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A methane digester is more properly known as an anaerobic digester because it decomposes organic waste by limiting oxygen intake and produces methane gas as a by-product. The anaerobic decomposition of organic matter such as animal feces, waste food, and vegetable matter is a natural process that produces methane gas, but, when it occurs in a methane digester, the gas can be collected and used as a fuel. Large farming operations and waste treatment facilities frequently recycle animal waste and sewage into a methane digester and use the gas, which is similar to natural gas, for heating and to produce electricity.
Anaerobic decomposition proceeds in two stages. In the first, the complex organic molecules in the waste are broken down by acidic microbes into peptides, alcohol, and simple sugars. These molecules are then broken down again by a different set of microbes. As a byproduct, the process produces gasses, including methane, hydrogen, and carbon dioxide, and solids that are high in nitrogen. This process differs from aerobic decomposition, or decomposition in the presence of oxygen, which produces mostly carbon dioxide and ammonia as by-products. In addition, it also reduces the raw material into a substance that is lower in nitrogen and that can be used as fertilizer.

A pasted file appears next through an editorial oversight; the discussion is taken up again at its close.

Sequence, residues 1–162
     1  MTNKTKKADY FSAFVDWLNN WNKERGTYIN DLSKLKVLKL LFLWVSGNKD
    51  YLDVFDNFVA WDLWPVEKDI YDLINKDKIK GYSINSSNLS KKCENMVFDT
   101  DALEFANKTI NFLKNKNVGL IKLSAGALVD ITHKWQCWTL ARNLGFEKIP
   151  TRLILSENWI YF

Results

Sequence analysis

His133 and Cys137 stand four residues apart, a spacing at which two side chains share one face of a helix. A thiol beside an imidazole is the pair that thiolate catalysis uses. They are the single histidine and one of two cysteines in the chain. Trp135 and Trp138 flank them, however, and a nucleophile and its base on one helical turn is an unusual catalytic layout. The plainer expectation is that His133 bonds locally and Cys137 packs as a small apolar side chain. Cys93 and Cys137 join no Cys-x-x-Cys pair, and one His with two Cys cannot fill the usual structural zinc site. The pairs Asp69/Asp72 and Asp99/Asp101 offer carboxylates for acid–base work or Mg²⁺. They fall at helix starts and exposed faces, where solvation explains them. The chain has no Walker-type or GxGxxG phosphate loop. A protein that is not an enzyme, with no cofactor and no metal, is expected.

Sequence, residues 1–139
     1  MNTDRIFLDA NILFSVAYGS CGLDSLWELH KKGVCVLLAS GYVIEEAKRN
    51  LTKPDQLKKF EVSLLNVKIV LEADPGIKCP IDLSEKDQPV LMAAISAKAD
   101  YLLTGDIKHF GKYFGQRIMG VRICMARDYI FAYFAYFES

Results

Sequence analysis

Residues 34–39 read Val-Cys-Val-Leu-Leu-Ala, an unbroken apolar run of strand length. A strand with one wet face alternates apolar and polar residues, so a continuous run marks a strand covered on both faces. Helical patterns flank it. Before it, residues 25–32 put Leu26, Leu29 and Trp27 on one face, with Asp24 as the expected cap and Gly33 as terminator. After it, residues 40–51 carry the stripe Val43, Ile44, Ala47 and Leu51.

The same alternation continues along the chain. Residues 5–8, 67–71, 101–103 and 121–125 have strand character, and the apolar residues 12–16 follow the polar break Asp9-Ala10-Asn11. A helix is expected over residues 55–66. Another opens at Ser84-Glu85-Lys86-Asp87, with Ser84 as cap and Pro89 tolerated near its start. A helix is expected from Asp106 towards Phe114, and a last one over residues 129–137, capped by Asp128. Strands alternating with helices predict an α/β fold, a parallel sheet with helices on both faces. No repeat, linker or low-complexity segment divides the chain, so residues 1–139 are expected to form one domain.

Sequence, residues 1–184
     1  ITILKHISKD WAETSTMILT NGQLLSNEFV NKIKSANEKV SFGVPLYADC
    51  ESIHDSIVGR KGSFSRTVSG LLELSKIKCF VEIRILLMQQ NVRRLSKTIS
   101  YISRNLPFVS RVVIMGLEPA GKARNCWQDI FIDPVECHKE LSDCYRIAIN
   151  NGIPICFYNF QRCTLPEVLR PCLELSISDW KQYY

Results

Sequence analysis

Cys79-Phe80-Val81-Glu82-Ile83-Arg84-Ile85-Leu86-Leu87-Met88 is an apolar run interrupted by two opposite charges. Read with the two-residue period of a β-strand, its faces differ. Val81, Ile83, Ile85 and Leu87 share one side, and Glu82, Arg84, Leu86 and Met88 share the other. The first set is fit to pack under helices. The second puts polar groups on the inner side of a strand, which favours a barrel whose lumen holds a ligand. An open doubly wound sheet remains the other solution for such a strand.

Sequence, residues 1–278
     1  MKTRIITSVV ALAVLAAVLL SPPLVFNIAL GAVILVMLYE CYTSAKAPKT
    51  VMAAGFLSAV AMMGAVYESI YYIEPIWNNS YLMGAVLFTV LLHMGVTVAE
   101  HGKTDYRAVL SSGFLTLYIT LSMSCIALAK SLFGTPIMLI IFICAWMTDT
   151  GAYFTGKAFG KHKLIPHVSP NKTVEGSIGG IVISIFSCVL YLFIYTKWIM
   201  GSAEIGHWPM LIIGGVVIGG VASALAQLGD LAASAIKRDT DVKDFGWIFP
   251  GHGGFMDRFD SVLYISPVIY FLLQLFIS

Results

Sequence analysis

The construction of a methane digester includes an airtight container with a port for the introduction of waste matter and a pipe for collecting the gas. Digestion proceeds best at temperatures in the range of 32°C to 35°C (89°F to 95°F) and will drop off sharply if the temperature falls below 16°C (61°F). The ratio of solids to water should be about 8%, which means that animal waste should be mixed with an equal amount of water. While a methane digester will function well with just animal waste, its efficiency can be improved by adding vegetable matter.
The dual benefits of fuel for electricity and heat, and the reduction of waste to a recyclable, odor-free sludge make the methane digester a cost-effective and environmentally-friendly option for waste treatment. A large digester can be constructed as a covered lagoon with manifolds to collect the gas, while a smaller one may consist of a tank that can either sit on the ground or be buried. Tank digesters can be heated, which makes them better candidates for colder climates. Although a methane digester reduces waste to an odor-free material, the process is not odor-free. Moreover, digesters emit harmful gases like carbon monoxide, sulfur oxides, and ammonia, so the immediate area around a large digester is not an ideal residential zone.
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